Don't give up, you got a reason to live

Tuesday, February 23, 2010

As previously devised, I'm breaking my info into seperate posts. Read further if you missed post 1 and 2.

Last Month in Review, Post 3: The Restaurant Life

Since I know you're all dying to know all about waiting tables in germany (and so Cary doesn't have to suffer through my endless drabble on this topic) I bring to you the difference between Mac Grill stateside, and the MacGreasy in Germany!

Here's the break down:

Gorgeous Restaurant! And for some reason that just makes it more fun to work in. However, it also means that I have to sweep those beautiful wood floors, which is not so fun.

I get paid hourly! Yeah, yeah, i got paid hourly in the states, but $2.13 an hour doesn't count as pay when it's all taken in taxes and every check is void. Here it's actually a sizeable sum.

Hourly pay affects Tips :( People think that because it is europe and because we get a pay, they only need to tip 10% or not tip at all. I'm sorry, are you receiving the same crappy service you get in German restaurants? Do I act inconvenienced by your visit to my restaurant? Do you get anything other than your every whim satisfied whilst sitting in my section? That's right. You get American service, from Carla (meaning even better than necessary service). You always have a full drink (refills free of charge), your food is hot, or cold, or whichever modified way you require it, you get a smile, regular visits, and I even clean up after your little brat that you let empty every single sugar packet! So TIP like an american... Capiche?

Sorry about the rant, but yeah lots of peeps tip 10%, which sucks... however, thanks to the servicemen of my country, wink wink, I average good tips! Gotta love those tables of single guys!

It is so much busier than in the states. Due to a lack of options,(chili's, a crappy burger place, or the Mac-a-tuna) we are regularly on a wait. I also usually have a 5 table section (9 tables last saturday, yikes) and I usually have at least $800 in sales... which when you figure somewhere between ten to twenty percent tips, it works out pretty well.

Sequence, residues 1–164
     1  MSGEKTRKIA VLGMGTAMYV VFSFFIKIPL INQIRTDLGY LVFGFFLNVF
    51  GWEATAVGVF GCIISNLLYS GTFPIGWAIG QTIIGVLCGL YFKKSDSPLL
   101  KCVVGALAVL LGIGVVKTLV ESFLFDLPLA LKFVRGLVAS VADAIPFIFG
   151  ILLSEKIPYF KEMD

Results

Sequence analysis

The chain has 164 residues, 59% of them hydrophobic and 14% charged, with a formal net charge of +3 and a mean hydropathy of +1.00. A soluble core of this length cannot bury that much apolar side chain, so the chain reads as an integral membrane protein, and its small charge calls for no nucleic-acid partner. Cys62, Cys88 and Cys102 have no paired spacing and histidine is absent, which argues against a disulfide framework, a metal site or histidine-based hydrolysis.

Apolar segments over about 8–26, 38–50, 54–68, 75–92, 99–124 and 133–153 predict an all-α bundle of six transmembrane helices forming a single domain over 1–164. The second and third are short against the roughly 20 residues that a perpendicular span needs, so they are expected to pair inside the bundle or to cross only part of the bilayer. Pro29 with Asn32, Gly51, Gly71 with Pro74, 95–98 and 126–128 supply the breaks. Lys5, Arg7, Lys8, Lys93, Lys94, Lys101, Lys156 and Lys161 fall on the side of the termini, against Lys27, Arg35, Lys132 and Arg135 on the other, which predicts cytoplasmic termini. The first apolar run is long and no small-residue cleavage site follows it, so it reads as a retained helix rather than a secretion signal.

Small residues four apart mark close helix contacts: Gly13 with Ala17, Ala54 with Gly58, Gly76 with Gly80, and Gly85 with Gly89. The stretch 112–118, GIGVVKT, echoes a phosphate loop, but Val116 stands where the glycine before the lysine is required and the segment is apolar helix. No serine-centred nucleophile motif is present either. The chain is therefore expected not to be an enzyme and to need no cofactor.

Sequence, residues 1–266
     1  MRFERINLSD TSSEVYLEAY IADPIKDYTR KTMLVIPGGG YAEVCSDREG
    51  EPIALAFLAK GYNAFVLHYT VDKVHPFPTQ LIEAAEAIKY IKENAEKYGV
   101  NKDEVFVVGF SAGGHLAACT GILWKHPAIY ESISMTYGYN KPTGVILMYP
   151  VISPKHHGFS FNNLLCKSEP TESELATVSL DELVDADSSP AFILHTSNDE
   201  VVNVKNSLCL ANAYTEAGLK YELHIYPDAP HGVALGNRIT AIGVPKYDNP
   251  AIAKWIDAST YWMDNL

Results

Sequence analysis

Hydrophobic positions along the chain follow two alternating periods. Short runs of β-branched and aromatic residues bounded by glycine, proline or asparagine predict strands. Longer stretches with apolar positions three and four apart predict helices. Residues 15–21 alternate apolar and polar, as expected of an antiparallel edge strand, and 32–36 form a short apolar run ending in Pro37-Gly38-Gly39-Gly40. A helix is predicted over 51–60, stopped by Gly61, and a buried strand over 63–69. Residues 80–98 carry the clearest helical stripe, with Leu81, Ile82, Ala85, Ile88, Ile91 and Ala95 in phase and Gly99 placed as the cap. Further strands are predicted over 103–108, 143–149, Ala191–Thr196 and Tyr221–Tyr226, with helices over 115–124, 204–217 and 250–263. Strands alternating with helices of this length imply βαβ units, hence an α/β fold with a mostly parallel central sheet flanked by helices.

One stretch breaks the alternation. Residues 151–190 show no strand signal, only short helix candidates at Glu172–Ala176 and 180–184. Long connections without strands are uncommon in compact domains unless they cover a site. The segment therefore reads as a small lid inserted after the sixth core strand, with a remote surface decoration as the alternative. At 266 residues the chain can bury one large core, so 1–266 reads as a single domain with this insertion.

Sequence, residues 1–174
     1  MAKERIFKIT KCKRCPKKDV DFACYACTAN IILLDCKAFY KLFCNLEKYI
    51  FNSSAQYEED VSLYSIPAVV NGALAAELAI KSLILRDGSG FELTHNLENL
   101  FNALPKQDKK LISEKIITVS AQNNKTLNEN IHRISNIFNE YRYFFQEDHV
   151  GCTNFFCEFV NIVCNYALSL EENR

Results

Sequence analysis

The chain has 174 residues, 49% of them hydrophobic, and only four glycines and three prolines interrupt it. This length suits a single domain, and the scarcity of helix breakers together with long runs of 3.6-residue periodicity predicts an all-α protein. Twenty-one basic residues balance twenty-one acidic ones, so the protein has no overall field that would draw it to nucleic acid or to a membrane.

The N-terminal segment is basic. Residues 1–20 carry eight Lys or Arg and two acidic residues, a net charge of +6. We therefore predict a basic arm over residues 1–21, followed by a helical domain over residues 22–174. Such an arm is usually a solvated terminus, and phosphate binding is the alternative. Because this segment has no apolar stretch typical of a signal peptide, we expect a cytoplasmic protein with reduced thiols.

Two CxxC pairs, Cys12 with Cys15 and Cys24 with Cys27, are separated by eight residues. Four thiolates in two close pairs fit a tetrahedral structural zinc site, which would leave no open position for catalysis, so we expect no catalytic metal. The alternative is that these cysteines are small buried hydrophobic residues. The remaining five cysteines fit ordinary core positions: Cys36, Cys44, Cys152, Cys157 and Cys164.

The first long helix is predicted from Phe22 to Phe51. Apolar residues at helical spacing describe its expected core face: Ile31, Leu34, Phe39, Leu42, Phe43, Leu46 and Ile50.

The cooks here suck. Nothing against my German friends in general, but most of the cooks are German and there's a very different work ethic. They generally do not understand terms such as hurry, rush, on the fly, today, and the like. They figure people will get the food when they feel like making it. However, 40 minutes to make a fettucine alfredo doesn't exactly fit into the American service I described before and this sometimes creates a lot of stress where I'm concerned.

Also on the slow end are the bussers. Oh wait, yes, that's correct we have bussers. And yes I do bus all my own tables. The bussers here are worthless, but I still owe them 3% of my sales at the end of the night. Back home we as servers choose how much we tip out the bussers. This system can hurt the bussers because there are stingy servers; yet, mandating tip out bites because there's no incentive for the bussers to do anything, and it can be anywhere from 20 to 35% of your tips, which bites.

The fellow servers here are definitely different. The majority smoke, got married before age 20, have several children, and look about 18. There's a server who works here with his fiance and girlfriend. The servers cuss in, at, and around tables, and then hit up the strip clubs and brothels after work or drink beer until 6 in the morning. I suppose this isn't too different than most restaurants, but it's interesting to come back to this setting after serving in Provo, Utah for so long. Don't get me wrong, I still work with some great people... just different.

I don't have a car. This kinda sucks. I bike occasionally, but people are also really nice about giving rides to and from work. Everybody carpools here and doesn't seem to make a big deal out of it.

Overall, it's just a job. I enjoy it because I get to do what I'm good at, I stay busy, and I generally make as much money as I want to put effort into it. I don't think I'm necessarily making life long friends, but it's not exactly the bonding scene that Provo Macshack is either. It'll do for now, but I'm looking to get out of the restaurant industry when I get back.... if you know of any positions, ideas, suggestions... let me know!


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